When ECO does end, it will be replaced with "a new cheaper
domestic energy efficiency supplier obligation", which the Department for Energy and Climate Change's Lord Bourne told the ECCC [pdf] would help reduce the average household energy bill by £30 from 2017.

At the same time, this new scheme is expected to help approximately 200,000 homes per year shave up to £300 off their annual energy bill.

Do it yourself

Until funding was removed last August, some of those who didn't qualify for ECO could get help improving their homes through the Green Deal, which provided loans and grants to be used towards the cost of measures such as solid wall insulation, double glazing and new boilers.

Then there's the option of investing in our own green infrastructure.

British Gas recently estimated that installing solar panels could cut bills by an estimated £104.

Under the feed-in tariff (FIT) scheme, people who produce their own electricity receive tax-free payments.

The tariff rates are substantially lower than they originally were - indeed, they've been dropping since the original tariff was introduced in 2010.

Someone installing panels then would have received 48p for every unit of energy they used until 2035; householders installing solar panels this year will receive just over 4p per unit until 2035.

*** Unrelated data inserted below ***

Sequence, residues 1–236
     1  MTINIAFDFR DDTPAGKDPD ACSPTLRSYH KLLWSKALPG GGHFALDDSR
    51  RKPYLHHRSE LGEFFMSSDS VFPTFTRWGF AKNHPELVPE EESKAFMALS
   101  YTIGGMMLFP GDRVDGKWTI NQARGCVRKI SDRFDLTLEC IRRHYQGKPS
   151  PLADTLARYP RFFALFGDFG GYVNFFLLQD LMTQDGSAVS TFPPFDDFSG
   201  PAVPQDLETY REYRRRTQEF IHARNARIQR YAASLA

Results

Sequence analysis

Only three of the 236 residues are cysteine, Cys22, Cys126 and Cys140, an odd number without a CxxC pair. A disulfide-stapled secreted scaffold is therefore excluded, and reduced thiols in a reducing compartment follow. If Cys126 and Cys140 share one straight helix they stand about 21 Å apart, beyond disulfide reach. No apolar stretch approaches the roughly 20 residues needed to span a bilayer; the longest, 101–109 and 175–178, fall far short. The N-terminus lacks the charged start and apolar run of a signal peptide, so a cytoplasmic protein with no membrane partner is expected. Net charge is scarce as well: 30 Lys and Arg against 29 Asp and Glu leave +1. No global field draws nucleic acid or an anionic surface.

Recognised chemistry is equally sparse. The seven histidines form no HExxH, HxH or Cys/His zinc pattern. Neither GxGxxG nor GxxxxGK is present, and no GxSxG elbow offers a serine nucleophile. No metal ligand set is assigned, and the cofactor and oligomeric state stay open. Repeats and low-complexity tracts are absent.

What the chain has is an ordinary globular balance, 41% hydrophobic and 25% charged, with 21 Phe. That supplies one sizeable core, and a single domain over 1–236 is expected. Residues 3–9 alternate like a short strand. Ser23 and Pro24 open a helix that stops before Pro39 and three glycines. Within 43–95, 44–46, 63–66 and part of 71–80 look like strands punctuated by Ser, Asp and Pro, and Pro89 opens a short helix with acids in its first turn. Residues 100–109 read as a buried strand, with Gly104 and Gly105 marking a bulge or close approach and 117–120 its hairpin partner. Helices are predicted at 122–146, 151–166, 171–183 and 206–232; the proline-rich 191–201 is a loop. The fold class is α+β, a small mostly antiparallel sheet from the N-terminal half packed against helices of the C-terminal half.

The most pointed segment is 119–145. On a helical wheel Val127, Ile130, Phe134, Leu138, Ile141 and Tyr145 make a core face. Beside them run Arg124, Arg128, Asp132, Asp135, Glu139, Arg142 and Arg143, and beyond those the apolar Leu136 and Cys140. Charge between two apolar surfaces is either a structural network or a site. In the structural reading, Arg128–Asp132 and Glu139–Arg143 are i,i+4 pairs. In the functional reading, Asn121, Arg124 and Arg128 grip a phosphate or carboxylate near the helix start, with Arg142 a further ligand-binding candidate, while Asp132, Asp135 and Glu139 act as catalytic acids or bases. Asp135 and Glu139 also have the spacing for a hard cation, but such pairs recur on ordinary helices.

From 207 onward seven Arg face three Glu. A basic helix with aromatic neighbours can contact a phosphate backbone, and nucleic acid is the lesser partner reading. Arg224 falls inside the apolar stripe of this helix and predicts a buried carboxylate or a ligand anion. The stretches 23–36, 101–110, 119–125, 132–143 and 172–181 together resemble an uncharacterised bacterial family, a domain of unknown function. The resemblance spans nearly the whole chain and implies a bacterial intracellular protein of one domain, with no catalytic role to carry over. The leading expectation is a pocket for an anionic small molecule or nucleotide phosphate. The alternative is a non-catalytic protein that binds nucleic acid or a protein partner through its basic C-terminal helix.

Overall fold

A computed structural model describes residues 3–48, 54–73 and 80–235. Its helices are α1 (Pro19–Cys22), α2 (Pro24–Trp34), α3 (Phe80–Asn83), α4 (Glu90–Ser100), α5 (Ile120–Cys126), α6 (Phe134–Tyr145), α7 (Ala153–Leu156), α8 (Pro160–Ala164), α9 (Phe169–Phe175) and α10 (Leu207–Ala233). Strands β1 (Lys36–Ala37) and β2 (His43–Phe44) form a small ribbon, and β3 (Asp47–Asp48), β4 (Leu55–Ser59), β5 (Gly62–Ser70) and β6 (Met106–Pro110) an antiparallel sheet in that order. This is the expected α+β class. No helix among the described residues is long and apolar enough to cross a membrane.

The idea is that as the cost of installing the equipment comes down, so too does the amount we get back - but the rate at which it's decreased can be somewhat off-putting when we consider that the average installation still costs around £7,000.

Longer term thinking

One of the ECCC's concerns was that the Government "appears to be considering only short term costs to consumers when making energy policy decisions" rather than thinking about affordability both now and in the long term.

Even if last year's subsidy cuts have managed to reduce our bills a little - helped in part by some rather underwhelming price cuts from the suppliers - the rationale appears a little blinkered.

As it stands, reducing our reliance on fossil fuels looks likely to become more expensive and increase our energy bills - when we're already paying too much.

That means it's up to us to do as much as we can to combat the seemingly inevitable increases - and the most immediate action we can take is to compare prices and find a better deal.

There is another possible source of hope, in the form of the soon to be published final recommendations on making the energy market work better for customers from the CMA.

They've delayed the publication of this final report to take into account the amount of feedback they received after publishing their initial proposals.

These included the introduction of a prompting system, where people on an uncompetitive tariff would be nudged to move to a better deal - and for those who ignored the hints, being moved to a "safeguard" tariff, with a price set by Ofgem or the CMA.